Overkill - Horrorscope
Atlantic
Thrash Metal
11 songs (53:06)
Release year: 1991
Overkill, Atlantic Records
Reviewed by Bar
Archive review

It seems to me that most metal bands, for whatever reason, reach a point in their careers where they feel as though they must make an album that proves they’ve “grown up”. For better or worse, Overkill came to that decision the year 1991, having previously put out some of the most energetic and lively Thrash monsters ever committed to disc. Although 1989’s The Years of Decay had already introduced more varied song structures and longer compositions, this album seemed a conscious attempt to demonstrate that they could transcend the traditional limitations of Thrash. Lesser bands have attempted much the same only to crash and burn, but Overkill’s chief songwriters Bobby Blitz and D.D. Verni are no one-trick ponies, and this album works a bloody treat.

Now, even though this is a more mature sounding effort, I should stress it still sounds unmistakably like Overkill. I mean, how could it not? As soon as you hear Blitz’s preposterously effective, one-of-a-kind vocals storming in a minute and half into opening track Coma, there’s just no way you could think you were listening to any other band. As he does on just about every track he’s ever recorded, he simply lights the song on fire and sets it to explode. With his presence, a half-decent riff becomes a great one, and in the case of Coma, a great riff becomes legendary. It’s a triumph of an opener, first setting the stage with an atmospheric build-up, then knocking it out of the park with the afore-mentioned riff and vocals, before winding up with a bridge or two and some excellent lead guitar work. Most of this is played at top speed, too, getting the album off to a ripping start.

The next few tracks really keep the momentum going, with much of the album’s fastest and/or heaviest material appearing on the first half. Infectious is just that, an utterly catchy and monstrous piece of music that is one of the all-time most perfect examples of how to incorporate groove into your Thrash while still leaving the music’s balls intact. An Overkill classic. The next three or four tracks up to and including the title track all follow suit, and ultimately the first half of this disc is as good, or even better than, anything these boys from New York have ever done. After the title track, the album does begin to lose its stranglehold on me a little. There’s nothing that’s obviously filler (well…maybe the Edgar Winter cover) but compared to the enormity of the first half, it just loses a tiny bit of steam. It’s not bad music by any stretch of the imagination, I just think the album’s running time is perhaps a little long for it's own good. At any rate, an obvious exception is Live Young, Die Free which might be the best damn song on the entire album. It keeps the album from being completely top-heavy and helps elevate the status of the entire album in the process.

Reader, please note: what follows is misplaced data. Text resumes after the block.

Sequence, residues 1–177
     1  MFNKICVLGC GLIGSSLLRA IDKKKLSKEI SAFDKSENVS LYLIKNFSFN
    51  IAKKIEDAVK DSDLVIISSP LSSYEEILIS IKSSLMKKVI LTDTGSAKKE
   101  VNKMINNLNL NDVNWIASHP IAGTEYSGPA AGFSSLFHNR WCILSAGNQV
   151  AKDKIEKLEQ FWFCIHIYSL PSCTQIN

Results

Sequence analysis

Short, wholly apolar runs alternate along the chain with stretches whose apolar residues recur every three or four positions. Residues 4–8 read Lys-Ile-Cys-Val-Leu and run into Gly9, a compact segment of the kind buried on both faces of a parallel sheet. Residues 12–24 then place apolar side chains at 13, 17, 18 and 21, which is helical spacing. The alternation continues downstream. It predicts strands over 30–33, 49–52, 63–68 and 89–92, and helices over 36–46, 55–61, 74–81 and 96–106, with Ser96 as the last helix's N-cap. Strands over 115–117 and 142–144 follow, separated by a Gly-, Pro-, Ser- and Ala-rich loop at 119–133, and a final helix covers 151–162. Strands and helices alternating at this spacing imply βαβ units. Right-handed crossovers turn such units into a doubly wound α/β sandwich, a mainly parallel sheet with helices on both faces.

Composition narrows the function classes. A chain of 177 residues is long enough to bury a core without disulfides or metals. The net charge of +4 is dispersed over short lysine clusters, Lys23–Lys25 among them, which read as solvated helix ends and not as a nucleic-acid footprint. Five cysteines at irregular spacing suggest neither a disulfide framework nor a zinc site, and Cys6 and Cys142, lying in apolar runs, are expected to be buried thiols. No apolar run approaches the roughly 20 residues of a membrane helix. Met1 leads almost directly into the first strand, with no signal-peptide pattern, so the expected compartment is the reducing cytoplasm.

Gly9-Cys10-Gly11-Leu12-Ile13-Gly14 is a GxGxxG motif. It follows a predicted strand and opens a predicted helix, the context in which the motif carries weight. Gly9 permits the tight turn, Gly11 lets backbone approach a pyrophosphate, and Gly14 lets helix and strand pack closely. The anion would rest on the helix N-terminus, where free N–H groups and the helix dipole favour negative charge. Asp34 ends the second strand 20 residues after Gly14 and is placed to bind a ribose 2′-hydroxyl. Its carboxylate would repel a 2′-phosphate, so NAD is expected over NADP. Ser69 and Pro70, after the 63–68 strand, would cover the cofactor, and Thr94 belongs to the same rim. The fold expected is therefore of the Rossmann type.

Having been much too young at the time, it’s hard for me to say exactly when Overkill transcended their upstart image and became the truly legendary Thrash act that we know today. What I do know is that Horrorscope definitely hasn’t hurt their legacy one bit. This one made it five from five, and moreover, demonstrated that they had the ability to change up their style without losing any of their swagger. That all of this was achieved amid potentially catastrophic line-up changes (they lost their lead guitarist and drummer!) is all the more impressive. Another jewel in the discography of a bloody good band, and easily one of the best Thrash albums of the 90s.

Killing Songs :
Coma, Infectious, Blood Money, Thanx for Nothing, Bare Bones, Horrorscope, Live Young Die Free
Bar quoted 90 / 100
Other albums by Overkill that we have reviewed:
Overkill - White Devil Armory reviewed by Thomas and quoted 85 / 100
Overkill - The Electric Age reviewed by Thomas and quoted 96 / 100
Overkill - Killbox 13 reviewed by Thomas and quoted 78 / 100
Overkill - Fuck You reviewed by Thomas and quoted no quote
Overkill - Ironbound reviewed by Thomas and quoted 96 / 100
To see all 13 reviews click here
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